Grandma always spoke of a man at sea who stood aboard his vessel with impatience and a fiery determination in his eyes. He was literally and figuratively hungry for fish. Fish, any kind of fish, big or small, silvery or dirty black, scaly or scaleless. Fact is, he had to return home with a big catch. The sea was boundless and dangerous and he knew he had to take his chance because there was so much more to gain. The gain outweighed the inconvenience. The vessel rolled lifelessly on the undulating current. The man’s gaze was indifferent yet expectant. He had a dirty cup in his big chapped hands. He drank slowly out of it while keeping his eyes on the vast body of water before him. He stayed transfixed until he suddenly let go of the cup. He shook his head several times and shielded his eyes with his hands. He had to see for himself if he was actually right! Fish! Fish! Oh my God Fish! There was fish! The proof was a shiny silvery patch in the water ahead. He sped ahead and threw his net with a great fuss. The silver-gold lay right beneath the water’s surface. He waited. Held his breath and stared. In a flash, he began, tugging his catch back on board. The fish jumped and tossed and wriggled and gyrated. The man remained nonchalant. He’d gotten his catch, after all, and that was all there was to it. He’d been at sea and in pursuit of the fish for ten plus hours, he’d been stressed out and frantic, yet the fish was safely in the net and the chase was over. Mission accomplished, it was time to move on.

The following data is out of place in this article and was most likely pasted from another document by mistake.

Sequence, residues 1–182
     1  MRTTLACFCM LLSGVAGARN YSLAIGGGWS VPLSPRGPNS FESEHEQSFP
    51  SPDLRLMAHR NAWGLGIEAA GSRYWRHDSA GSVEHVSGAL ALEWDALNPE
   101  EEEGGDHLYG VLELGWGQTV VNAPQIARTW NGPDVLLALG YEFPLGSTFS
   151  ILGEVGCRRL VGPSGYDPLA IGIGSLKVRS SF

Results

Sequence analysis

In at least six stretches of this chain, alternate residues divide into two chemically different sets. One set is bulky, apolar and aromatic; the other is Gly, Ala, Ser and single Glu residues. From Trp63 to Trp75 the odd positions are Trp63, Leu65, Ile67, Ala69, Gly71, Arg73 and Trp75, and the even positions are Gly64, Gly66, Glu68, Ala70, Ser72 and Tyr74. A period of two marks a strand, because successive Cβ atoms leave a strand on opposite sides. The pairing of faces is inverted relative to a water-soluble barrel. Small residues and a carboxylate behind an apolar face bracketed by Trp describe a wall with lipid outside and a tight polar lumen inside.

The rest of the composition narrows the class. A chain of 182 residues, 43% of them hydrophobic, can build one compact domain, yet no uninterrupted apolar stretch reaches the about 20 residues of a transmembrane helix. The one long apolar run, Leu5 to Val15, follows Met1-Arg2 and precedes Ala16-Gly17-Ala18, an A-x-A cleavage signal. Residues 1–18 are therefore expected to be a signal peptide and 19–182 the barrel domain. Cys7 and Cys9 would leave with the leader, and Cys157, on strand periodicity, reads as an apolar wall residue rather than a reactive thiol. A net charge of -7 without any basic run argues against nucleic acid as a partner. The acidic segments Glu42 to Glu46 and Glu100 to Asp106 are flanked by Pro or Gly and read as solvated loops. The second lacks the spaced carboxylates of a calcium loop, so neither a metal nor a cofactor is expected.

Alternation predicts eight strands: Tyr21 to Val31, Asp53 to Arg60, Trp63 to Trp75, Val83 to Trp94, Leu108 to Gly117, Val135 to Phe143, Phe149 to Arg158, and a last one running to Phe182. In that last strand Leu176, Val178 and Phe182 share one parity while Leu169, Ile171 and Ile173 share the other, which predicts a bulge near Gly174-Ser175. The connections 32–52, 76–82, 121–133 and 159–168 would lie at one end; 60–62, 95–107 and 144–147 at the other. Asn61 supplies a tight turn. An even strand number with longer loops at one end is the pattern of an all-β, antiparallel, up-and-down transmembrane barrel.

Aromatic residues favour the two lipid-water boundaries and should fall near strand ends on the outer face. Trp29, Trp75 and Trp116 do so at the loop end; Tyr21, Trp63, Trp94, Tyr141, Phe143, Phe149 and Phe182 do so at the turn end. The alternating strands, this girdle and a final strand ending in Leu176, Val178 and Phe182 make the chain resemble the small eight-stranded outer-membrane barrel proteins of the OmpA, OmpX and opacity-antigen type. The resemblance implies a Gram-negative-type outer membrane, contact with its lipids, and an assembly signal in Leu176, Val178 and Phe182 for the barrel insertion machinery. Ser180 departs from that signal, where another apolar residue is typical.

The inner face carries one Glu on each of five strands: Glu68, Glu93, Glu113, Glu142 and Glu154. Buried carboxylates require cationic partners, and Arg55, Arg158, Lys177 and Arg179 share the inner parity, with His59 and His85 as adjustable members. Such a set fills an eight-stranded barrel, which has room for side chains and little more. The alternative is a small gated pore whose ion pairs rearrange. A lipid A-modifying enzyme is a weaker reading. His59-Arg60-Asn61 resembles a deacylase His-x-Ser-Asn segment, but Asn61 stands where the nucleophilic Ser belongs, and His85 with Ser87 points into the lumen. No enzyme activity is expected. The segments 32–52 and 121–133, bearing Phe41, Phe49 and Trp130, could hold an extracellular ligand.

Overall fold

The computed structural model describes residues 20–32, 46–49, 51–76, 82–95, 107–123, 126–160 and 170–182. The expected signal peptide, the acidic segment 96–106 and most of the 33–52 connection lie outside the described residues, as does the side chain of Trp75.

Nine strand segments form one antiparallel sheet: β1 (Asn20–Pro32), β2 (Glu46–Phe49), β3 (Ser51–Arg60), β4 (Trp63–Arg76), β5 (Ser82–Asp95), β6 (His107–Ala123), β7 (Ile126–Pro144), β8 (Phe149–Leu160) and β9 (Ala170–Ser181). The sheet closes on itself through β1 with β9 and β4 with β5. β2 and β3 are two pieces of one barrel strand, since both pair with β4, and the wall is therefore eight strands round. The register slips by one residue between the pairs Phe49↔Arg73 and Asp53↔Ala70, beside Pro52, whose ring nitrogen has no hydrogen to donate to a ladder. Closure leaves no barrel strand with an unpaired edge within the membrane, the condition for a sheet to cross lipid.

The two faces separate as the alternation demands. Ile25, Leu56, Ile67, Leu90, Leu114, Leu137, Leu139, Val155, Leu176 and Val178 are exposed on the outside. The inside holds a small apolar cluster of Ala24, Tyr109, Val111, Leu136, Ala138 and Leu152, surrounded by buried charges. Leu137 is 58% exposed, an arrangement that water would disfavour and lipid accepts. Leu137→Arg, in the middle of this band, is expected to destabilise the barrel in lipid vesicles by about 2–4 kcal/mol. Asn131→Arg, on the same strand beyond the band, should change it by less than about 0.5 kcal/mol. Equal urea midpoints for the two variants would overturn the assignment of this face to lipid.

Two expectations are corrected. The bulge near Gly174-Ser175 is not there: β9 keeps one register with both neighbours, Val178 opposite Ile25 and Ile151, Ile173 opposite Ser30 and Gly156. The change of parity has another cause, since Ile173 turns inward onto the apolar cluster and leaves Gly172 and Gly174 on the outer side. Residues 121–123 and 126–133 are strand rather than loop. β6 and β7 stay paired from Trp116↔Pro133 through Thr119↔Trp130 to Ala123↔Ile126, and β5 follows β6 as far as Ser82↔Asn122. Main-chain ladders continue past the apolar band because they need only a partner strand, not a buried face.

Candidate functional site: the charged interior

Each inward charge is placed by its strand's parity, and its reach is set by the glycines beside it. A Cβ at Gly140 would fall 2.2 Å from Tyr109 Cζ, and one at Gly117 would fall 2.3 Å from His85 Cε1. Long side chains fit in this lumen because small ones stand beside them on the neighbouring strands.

With love from East Africa

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Crossing the Atlantic changes lives. I was less than two days in Rennes and partly stunned at my renewed sense of understanding of the word ‘overseas’. I was literally over the seas, I had traveled over the Mediterranean to this new place where 9pm still looked like 3pm and where everyone smoked and spat on the street corners. The dogs were more than the people and everyone automatically made a gurgly distinct sound in their throats when they had to pronounce the letter R.